Note that normal sRGB-optimized images appear unnaturally saturated on screens with a wide color gamut without proper color correction. However, as a rule, in developed OS, Windows in particular, and/or in more or less advanced software for working with images, the desired color correction is achieved using a color management system (the color profile for the laptop screen is already preinstalled in the system, and the display itself factory calibrated). Therefore, a wide color gamut is no harm in this case. Some difficulties may arise in getting the right colors in games and when watching movies, but this can be solved if desired.

The grayscale balance is good, as the color temperature is close to the standard 6500 K, and the deviation from the spectrum of the absolute black body (ΔE) is below 10, which is considered an acceptable indicator for a consumer device. At the same time, at least the color temperature changes slightly from shade to shade – this has a positive effect on the visual assessment of color balance. (The darkest areas of the grayscale can be ignored, because color balance is not very important, and the error in measuring color characteristics at low brightness is large.)

Let’s summarize that the screen of the Gigabyte Aero 15 OLED XC gamer laptop has a high enough maximum brightness (363 cd/m² in SDR mode) so that the device can be used outside on a bright day, out of direct sunlight. In complete darkness, the brightness can be reduced to a comfortable level (up to 4.5 cd/m²). The undeniable advantages of OLED screens include true black (if nothing is reflected in the screen), significantly less than LCDs, a drop in image brightness when viewed from an angle, and excellent HDR support (high peak brightness, infinity), contrast, wide color gamut, increasing the number of gradations of colors). Disadvantages include zonal flicker at low brightness. In general, the screen quality is pretty high, but in the case of commercial use, you’ll need to take into account a slight obstruction in the shadows.


The laptops’ sound system has traditionally been based on the Realtek codec, the Nahimic utility for adjusting the sound. The two loudspeakers are located on the front edge of the case, brought down and slightly to the side. The speakers aren’t too loud, but there are no complaints about it subjectively. The volume of the built-in loudspeakers was measured during testing and the maximum volume was 74.6 dBA.


The Gigabyte Aero 15 OLED XC game laptop battery capacity is 99 Wh. To get an idea of how these figures compare with actual battery life, we’re testing our methodology using the iXBT Battery Benchmark v1.0 script. The screen brightness is set to 100 cd/m² in our tests (in this case, this corresponds to about 53% brightness), so a notebook with a relatively dim screen doesn’t benefit.

When we worked on some documents, the battery of the laptop lasted for 3 hours and 55 minutes. And watching the video continuously, after 3 hours and 32 minutes, the laptop battery was drained.

We switched to maximum power saving mode, but in this mode, the laptop lasted only 4 hours when working with documents and 3.5 hours when watching videos. Any ultrabook, if it had a battery of such capacity, would have lasted longer on the battery. But still, in principle, the laptop will allow you to solve some tasks away from the power outlet.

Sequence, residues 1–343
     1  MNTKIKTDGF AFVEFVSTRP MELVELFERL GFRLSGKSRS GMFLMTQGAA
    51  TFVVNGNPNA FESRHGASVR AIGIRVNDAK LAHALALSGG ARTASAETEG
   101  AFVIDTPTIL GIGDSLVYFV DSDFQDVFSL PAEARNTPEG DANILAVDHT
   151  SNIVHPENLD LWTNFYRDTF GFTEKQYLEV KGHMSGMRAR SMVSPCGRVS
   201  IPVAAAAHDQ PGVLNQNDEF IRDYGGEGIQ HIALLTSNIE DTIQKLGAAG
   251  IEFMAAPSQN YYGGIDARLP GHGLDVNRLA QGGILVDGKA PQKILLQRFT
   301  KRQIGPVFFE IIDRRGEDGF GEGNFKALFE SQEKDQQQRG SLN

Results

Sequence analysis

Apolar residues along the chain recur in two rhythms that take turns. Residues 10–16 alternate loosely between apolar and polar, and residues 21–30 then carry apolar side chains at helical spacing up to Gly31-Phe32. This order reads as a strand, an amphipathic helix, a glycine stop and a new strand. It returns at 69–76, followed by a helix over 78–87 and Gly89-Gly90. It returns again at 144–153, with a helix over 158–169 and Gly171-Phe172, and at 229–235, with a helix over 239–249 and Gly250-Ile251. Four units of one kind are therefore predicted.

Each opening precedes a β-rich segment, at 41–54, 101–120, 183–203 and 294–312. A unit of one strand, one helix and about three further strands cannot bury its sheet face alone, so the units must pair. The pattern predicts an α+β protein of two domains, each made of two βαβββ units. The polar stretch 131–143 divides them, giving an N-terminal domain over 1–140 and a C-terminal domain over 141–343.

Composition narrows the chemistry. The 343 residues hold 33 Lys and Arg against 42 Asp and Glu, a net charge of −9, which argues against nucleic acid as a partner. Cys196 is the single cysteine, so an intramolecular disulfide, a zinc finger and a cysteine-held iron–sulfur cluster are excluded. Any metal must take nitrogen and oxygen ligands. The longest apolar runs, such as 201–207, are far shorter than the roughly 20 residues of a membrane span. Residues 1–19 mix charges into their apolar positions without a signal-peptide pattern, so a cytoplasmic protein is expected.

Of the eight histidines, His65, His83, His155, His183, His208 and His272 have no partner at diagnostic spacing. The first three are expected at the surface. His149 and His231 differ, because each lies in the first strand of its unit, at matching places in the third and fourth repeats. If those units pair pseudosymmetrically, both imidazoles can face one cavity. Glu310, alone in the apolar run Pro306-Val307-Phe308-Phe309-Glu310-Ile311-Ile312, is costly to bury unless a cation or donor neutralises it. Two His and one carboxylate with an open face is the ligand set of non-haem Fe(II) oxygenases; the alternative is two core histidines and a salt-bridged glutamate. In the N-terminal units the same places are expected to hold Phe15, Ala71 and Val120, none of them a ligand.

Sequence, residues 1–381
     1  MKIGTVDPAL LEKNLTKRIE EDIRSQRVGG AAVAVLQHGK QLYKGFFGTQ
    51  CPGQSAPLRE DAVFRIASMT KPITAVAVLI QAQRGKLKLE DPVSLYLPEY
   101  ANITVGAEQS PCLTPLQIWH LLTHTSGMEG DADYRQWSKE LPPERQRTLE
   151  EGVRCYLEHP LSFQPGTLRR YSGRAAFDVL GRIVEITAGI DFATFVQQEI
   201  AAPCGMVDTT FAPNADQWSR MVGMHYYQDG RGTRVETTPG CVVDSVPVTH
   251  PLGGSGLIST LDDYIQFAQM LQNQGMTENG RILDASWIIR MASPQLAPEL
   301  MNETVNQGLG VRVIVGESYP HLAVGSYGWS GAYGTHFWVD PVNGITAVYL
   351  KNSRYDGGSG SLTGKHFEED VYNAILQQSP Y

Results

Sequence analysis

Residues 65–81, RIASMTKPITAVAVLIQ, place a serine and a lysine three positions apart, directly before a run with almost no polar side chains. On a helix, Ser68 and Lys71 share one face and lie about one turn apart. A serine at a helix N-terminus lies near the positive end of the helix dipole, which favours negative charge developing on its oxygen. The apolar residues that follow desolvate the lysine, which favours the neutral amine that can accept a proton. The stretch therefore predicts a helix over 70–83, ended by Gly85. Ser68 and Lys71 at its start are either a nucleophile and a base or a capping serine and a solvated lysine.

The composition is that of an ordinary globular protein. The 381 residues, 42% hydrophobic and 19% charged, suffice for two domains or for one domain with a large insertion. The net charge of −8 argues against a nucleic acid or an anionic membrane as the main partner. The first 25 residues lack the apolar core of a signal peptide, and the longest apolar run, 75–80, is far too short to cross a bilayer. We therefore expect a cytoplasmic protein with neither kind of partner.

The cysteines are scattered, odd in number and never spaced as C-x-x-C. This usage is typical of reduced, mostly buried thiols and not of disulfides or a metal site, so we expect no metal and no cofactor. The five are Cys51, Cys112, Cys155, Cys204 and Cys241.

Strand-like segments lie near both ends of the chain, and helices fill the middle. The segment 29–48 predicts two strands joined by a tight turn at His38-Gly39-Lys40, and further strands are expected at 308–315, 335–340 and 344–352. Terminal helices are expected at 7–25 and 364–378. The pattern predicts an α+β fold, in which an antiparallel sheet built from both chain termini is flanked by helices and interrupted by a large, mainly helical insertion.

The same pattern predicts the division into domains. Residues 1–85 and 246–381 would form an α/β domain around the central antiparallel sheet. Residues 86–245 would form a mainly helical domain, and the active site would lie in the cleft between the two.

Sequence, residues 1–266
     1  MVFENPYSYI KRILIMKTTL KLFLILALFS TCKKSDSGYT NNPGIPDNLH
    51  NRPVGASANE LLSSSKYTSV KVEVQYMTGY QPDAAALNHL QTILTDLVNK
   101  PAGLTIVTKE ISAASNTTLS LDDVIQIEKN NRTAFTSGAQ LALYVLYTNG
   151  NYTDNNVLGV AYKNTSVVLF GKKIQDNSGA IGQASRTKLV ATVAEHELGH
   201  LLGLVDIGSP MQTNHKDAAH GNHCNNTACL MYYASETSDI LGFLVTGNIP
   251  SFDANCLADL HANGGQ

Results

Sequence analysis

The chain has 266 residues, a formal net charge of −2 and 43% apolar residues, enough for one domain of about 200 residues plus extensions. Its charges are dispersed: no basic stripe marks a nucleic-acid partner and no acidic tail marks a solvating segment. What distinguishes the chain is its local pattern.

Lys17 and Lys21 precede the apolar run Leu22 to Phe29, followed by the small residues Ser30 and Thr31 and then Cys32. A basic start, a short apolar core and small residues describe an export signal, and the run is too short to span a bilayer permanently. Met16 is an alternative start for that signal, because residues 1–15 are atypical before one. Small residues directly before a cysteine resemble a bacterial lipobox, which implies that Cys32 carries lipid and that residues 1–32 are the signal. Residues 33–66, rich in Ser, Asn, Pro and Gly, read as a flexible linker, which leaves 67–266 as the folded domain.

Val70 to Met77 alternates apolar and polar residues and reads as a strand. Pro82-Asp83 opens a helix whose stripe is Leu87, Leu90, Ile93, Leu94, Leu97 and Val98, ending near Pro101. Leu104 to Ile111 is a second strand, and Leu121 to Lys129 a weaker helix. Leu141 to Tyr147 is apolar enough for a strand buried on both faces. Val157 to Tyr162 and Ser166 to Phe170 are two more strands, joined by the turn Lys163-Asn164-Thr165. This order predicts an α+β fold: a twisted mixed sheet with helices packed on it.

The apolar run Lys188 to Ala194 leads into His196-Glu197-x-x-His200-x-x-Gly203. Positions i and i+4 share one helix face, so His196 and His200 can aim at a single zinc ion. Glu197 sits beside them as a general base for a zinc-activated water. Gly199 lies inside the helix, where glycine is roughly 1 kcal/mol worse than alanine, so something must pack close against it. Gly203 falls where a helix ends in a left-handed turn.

The level of full discharge of the battery cannot be set below 5% in the settings of the power supply scheme, when this value is reached, the laptop turns off, so we measured the battery life with a discharge of up to 5%.

The time to fully charge a laptop battery from a standard adapter is more than 2.5 hours. At first, the process goes almost evenly, 85% of the charge is gained in an hour and a half, but by the second hour the progress slows down significantly. The fast charging function is not declared. There is no intelligent battery management to extend battery life. But on the other hand, in the proprietary Control Center utility, you can choose what level of charge (from 60% to 100%) to stop the process directly and without equalization. The white LED on the case next to the power adapter connector is on when charging and goes out at 100%, starts blinking when the discharge is below 10%, blinks slowly at a sleepy computer.


The Gigabyte Aero 15 OLED XC has a powerful cooling system with two fans and four heat pipes. However, only one pipe goes from the heatsinks on the CPU and GPU to its “own” fan, the remaining two pipes are “common”, so there is only one cooler, not two separate ones. This is also confirmed by the operation of the cooler: under load on any component, both fans turn on and operate at the same rotational speed. Cold air is drawn in from the bottom, where only about half of the bottom of the laptop is covered by a mesh. Hot air is blown into the back (mostly) and right/left behind the enclosure (to some extent). The heating of the case near the ventilation holes and in general in the rear part, of course, is felt, but in everyday life, it does not really interfere. The maximum fan speed is 5300 rpm, they generate very high noise levels. This emergency mode can be quickly turned on and off with the Fn + Esc key combination without using the proprietary utility.